Kindred allowed The Washington Post to attend five, 90-minute meetings at three schools in recent months on the condition that parents not be named so they could be speak freely.
A mother bluntly offered why black parents may not be responding to the PTO emails: "It's different when you have a white person coming into a majority black school."
The man agreed, aware of the dynamics of a school that had been entirely black for generations and has only recently experienced white students enrolling in the lower grades.
"I literally felt like a usurper my first year here," he said.
The black and white parents agreed: Perhaps it would be more effective if black and white parents reached out together to families.
Parents from different backgrounds conceded they did not have extended conversation in the hallways.
One black mother recalled that when she purchased a school shirt from white parents selling them on campus, no one really spoke to her - even as she spent the money she had scrounged from driving extra shifts for Uber.
The white father acknowledged that the mother was right. Parents were spending their hard-earned money on school spirit items, and he should have used it as an opportunity to get to know the other parents.
The conversations sounded similar at the worthwest Washington school where Dixon was a Kindred facilitator. The school has mostly black and Hispanic students, but there's a growing number of white children.
One white father of a preschool-aged child said he hated attending schoolwide meetings because the staff spoke to parents as if they were stupid. He said he imagined administrators did not treat parents that way west of Rock Creek Park, referring to the wealthiest corner of Washingtom
"They don't talk to parents like that at all schools?" a black parent asked. "I thought that was everywhere."
No, the white parent said.
"I'll keep my third eye open on that," the black father said.
A black grandmother said she felt as though her grandson's teacher was afraid of her, that the educator didn't know how to approach her.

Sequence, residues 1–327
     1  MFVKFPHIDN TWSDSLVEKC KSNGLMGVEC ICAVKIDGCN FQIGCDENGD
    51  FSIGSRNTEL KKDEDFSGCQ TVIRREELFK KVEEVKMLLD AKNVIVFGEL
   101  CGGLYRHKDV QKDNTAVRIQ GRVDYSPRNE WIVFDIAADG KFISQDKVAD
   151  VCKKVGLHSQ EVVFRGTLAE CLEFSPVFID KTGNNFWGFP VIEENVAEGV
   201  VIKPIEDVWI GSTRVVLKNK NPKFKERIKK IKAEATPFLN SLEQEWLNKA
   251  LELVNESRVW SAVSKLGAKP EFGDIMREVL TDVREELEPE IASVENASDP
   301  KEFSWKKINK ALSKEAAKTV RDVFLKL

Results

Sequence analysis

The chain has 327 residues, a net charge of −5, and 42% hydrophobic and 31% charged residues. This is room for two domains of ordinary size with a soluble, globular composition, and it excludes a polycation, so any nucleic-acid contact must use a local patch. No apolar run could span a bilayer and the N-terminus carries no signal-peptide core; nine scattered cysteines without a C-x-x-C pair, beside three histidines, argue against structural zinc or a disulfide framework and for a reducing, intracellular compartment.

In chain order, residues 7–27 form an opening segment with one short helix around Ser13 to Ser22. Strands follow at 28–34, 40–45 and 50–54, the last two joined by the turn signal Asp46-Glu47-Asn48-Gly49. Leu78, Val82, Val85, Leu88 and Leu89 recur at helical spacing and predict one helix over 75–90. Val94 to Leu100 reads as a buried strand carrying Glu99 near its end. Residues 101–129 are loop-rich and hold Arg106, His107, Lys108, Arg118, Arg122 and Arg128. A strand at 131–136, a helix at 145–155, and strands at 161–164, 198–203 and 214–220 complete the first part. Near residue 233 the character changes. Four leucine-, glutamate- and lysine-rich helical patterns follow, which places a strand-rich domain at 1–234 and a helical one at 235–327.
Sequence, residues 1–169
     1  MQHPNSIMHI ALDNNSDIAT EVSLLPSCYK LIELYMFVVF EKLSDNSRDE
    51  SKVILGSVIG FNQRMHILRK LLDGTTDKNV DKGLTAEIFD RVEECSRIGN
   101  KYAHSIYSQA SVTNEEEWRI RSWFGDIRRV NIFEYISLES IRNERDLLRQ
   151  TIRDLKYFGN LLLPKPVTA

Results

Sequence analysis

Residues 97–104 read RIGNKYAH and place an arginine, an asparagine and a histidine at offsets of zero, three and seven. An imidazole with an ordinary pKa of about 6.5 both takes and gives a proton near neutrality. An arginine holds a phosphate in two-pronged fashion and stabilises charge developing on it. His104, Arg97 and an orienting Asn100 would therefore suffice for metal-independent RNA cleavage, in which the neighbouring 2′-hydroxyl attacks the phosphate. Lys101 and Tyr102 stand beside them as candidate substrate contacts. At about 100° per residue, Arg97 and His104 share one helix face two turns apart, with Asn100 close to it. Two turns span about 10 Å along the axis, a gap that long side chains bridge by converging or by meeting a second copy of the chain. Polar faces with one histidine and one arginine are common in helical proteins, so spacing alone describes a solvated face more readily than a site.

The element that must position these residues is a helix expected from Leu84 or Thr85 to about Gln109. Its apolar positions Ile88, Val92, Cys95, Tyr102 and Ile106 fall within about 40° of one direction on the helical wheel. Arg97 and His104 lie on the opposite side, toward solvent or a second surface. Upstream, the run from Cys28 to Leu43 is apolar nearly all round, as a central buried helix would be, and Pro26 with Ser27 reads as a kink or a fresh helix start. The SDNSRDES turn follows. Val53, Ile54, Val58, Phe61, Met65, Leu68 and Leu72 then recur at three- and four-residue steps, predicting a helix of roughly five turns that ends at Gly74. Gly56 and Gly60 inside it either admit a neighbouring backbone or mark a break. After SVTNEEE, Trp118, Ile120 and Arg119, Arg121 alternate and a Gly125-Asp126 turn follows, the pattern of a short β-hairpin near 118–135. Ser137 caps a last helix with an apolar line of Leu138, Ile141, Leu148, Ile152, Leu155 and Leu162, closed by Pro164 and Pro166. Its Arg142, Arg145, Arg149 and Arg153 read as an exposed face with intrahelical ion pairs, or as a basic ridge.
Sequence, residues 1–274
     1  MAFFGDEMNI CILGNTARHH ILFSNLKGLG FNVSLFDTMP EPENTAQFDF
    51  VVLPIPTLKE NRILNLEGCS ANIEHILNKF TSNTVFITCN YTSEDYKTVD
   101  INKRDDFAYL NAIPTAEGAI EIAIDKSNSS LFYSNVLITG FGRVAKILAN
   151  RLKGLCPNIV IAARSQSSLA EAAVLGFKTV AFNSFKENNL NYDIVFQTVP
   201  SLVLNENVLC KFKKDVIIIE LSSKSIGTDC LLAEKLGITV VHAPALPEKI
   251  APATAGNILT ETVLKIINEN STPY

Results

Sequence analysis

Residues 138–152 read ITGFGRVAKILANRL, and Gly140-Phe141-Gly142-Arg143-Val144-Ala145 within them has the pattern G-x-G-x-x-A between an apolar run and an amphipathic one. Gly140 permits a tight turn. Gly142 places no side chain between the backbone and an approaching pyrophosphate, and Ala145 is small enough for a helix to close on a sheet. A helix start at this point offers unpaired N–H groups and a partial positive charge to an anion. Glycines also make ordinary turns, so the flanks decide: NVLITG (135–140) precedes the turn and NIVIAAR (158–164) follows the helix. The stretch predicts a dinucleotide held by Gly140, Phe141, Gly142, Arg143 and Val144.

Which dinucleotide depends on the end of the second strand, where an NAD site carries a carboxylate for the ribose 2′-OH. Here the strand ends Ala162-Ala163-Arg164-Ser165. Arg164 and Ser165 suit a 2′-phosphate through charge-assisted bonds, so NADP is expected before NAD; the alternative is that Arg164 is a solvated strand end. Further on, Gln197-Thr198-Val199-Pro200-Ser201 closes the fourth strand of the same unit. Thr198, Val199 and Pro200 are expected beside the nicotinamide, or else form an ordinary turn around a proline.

"I'm very outspoken," the grandmother said. "I don't think she gives him the proper attention."
A young Hispanic mother who spoke little English said, with the help of an interpreter hired by Kindred, that her young son was not receiving the services required by his special-education plan. When she asked about it, she was told her son no longer needed that service - even though she believed he did.
The parents in the group were shocked and offered to help her demand those services.
There were some uncomfortable laughs, too, as parents confronted their biases.
"Do you ever see someone walk down the street and clutch your purse?" a black parent asked.
"Oh, yeah, I have," a white woman admitted.
"I don't want your purse," a black father joked. They had just learned they lived blocks apart.
Throughout it all, Dixon was there, sharing his experiences as a black father in Washington, understanding how easily some voices can be muffled.
And then, keeping with their weekly tradition, the parents rearranged the classroom desks, took out their cellphones and shared pictures of their children with each other.
WASHINGTON - A whistleblower complaint about President Donald Trump made by an intelligence official centers on Ukraine, according to two people familiar with the matter, which has set off a struggle between Congress and the executive branch.
The complaint involved communications with a foreign leader and a "promise" that Trump made, which was so alarming that a U.S. intelligence official who had worked at the White House went to the inspector general of the intelligence community, two former U.S. officials said
Two and a half weeks before the complaint was filed, Trump spoke with Ukrainian President Volodymyr Zelensky, a comedian and political newcomer who was elected in a landslide in May.